Pictured are unwanted firearms from one household in Farmington, NM. Our gun buyback was cancelled by the City, but local residents asked us to show up anyway. So, we spent today dismantling guns house by house.

This post on X, the social media platform formerly known as Twitter, by New Mexicans to Prevent Gun Violence led to calls for an investigation into whether the anti-gun group violated laws requiring background checks before gun transactions. The group says the door-to-door transactions are legal and it has “been doing this for years.”

The San Juan County Sheriff’s Office is investigating whether a Santa Fe-based gun violence prevention organization violated a state law on firearms transactions — raising questions about the legality of the group’s gun buyback program that for years has received accolades.

New Mexicans to Prevent Gun Violence had championed a bill creating the law, which requires background checks for most private firearms transactions.

“I don’t have anything against the New Mexicans [to Prevent] Gun Violence folks,” San Juan County Sheriff Shane Ferrari said Monday.

“I just need to make sure they’re operating lawfully like everyone else,” added the sheriff, who said he personally doesn’t believe gun buybacks curb crime.

The investigation comes after the organization posted late Saturday on the social media platform X, formerly known as Twitter, it had gone house by house in Farmington to dismantle “unwanted firearms” after the city government pulled the plug on a gun buyback event.

“Our gun buyback was canceled by the City, but local residents asked us to show up anyway,” states the post, which included a photo of several firearms that had been cut in half.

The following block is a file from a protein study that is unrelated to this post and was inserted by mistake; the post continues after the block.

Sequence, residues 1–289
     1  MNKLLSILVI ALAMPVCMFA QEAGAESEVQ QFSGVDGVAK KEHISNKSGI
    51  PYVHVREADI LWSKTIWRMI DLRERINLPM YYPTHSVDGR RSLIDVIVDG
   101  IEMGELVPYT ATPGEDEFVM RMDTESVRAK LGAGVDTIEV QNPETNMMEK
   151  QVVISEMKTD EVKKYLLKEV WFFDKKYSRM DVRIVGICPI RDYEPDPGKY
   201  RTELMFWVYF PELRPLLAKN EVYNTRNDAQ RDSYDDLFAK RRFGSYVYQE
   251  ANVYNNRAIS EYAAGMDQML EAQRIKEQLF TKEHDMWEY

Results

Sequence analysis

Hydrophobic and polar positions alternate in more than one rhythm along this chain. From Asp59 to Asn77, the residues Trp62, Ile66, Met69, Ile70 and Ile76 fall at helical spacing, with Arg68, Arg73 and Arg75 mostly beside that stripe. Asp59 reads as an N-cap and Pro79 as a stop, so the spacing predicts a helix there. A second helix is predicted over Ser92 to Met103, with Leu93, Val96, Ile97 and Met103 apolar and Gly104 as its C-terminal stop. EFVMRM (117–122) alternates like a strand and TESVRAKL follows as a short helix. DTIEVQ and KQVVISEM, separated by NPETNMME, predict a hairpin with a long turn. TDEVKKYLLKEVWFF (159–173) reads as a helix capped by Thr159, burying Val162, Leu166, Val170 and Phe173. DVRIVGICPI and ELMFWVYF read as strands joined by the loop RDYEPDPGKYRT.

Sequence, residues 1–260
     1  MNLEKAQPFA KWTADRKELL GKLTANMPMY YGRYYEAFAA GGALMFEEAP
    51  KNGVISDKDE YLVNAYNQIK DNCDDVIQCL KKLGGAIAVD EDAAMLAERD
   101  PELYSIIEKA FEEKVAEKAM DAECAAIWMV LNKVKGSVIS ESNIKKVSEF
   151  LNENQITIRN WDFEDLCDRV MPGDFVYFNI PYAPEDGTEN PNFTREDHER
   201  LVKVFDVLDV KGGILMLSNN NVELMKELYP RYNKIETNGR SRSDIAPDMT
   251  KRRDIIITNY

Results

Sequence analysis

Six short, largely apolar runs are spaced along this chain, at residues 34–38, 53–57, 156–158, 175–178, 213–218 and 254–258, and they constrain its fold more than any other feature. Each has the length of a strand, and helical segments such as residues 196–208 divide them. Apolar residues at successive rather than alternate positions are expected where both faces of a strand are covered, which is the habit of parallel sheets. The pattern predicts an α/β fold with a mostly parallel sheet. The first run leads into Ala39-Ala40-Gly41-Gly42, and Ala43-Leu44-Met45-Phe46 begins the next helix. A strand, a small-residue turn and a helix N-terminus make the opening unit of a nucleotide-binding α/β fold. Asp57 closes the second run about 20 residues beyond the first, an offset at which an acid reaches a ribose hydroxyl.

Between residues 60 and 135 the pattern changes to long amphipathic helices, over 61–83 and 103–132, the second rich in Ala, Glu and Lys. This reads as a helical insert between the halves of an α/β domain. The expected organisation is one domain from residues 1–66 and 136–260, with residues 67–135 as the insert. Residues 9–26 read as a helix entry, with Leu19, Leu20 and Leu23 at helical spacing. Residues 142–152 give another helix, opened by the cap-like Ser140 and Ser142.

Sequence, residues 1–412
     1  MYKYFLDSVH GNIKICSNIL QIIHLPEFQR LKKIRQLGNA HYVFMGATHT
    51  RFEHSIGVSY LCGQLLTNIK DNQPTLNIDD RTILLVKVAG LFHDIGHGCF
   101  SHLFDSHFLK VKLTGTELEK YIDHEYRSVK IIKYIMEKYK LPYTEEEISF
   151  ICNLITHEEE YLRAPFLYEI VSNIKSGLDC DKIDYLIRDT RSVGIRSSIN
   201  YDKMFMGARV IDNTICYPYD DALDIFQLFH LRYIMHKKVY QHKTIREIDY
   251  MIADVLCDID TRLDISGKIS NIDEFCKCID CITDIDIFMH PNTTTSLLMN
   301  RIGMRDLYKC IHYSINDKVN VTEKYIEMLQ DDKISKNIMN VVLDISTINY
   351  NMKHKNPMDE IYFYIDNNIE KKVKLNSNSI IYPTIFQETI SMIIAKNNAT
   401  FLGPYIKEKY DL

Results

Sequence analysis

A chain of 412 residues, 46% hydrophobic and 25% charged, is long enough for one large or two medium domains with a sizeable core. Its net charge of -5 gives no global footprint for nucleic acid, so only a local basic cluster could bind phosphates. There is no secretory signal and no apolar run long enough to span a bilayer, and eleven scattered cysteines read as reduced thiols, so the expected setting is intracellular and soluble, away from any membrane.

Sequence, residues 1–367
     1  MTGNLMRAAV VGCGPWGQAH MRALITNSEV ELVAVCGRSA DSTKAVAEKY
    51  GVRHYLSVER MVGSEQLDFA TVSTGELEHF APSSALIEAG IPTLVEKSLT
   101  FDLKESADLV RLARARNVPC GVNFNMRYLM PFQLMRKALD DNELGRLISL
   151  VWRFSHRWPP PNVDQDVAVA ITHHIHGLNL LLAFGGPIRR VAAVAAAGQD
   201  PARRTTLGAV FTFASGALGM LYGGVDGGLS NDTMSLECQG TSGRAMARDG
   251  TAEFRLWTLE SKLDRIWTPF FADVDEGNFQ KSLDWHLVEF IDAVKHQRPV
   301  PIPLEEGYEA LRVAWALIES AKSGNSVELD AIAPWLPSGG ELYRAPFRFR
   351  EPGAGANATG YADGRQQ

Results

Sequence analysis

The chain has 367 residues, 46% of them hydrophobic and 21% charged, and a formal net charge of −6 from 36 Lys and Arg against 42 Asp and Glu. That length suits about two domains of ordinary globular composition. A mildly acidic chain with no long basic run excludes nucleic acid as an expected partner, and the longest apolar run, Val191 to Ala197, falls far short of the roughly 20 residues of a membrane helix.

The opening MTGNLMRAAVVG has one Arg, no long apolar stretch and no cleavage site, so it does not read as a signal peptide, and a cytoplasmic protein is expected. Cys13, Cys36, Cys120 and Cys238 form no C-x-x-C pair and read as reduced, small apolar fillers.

The post, which has generated more than 1 million impressions so far, led to calls for an investigation, including from Rep. Stefani Lord, R-Sandia Park.

New Mexico State Police “should investigate a private party going door to door and sawing people’s guns in half without doing a background check as required for a transfer in New Mexico,” wrote Lord, a staunch gun rights advocate.

She also called for the FBI, the Bureau of Alcohol, Tobacco, Firearms and Explosives and the New Mexico Attorney General’s Office to look into the matter.

“So many crimes committed by this anti-gun group,” Lord wrote.

The organization also came under fire by the New Mexico Shooting Sports Association and others.

“Shoutout to [New Mexicans to Prevent Gun Violence] for joining forces with the ‘rogue sheriffs’ and ‘bad-faith critics’ by refusing to comply with laws criminalizing private firearm transfers in NM,” the group wrote, referring to past opposition from law enforcement officials to various gun-control measures the Legislature has considered.


At issue is a bill passed by the Legislature in 2019.

The bill, signed into law by Gov. Michelle Lujan Grisham, requires a background check when conducting a sale of a firearm. It allows for four exceptions, including sales involving a law enforcement agency and transactions between immediate family members.